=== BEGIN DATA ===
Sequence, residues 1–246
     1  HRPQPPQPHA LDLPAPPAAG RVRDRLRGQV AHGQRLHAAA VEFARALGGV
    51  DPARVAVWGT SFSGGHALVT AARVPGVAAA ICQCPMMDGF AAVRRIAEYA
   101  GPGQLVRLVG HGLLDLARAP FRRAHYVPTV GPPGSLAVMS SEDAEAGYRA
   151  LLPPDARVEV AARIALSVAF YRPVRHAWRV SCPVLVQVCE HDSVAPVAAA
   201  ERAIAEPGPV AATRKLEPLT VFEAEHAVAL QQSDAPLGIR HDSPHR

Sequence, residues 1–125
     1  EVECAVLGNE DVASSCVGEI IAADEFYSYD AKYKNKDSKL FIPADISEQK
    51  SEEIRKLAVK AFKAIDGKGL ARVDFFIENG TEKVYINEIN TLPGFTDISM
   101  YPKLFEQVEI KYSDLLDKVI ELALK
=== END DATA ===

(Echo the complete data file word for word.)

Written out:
Sequence, residues 1–246
     1  HRPQPPQPHA LDLPAPPAAG RVRDRLRGQV AHGQRLHAAA VEFARALGGV
    51  DPARVAVWGT SFSGGHALVT AARVPGVAAA ICQCPMMDGF AAVRRIAEYA
   101  GPGQLVRLVG HGLLDLARAP FRRAHYVPTV GPPGSLAVMS SEDAEAGYRA
   151  LLPPDARVEV AARIALSVAF YRPVRHAWRV SCPVLVQVCE HDSVAPVAAA
   201  ERAIAEPGPV AATRKLEPLT VFEAEHAVAL QQSDAPLGIR HDSPHR

Sequence, residues 1–125
     1  EVECAVLGNE DVASSCVGEI IAADEFYSYD AKYKNKDSKL FIPADISEQK
    51  SEEIRKLAVK AFKAIDGKGL ARVDFFIENG TEKVYINEIN TLPGFTDISM
   101  YPKLFEQVEI KYSDLLDKVI ELALK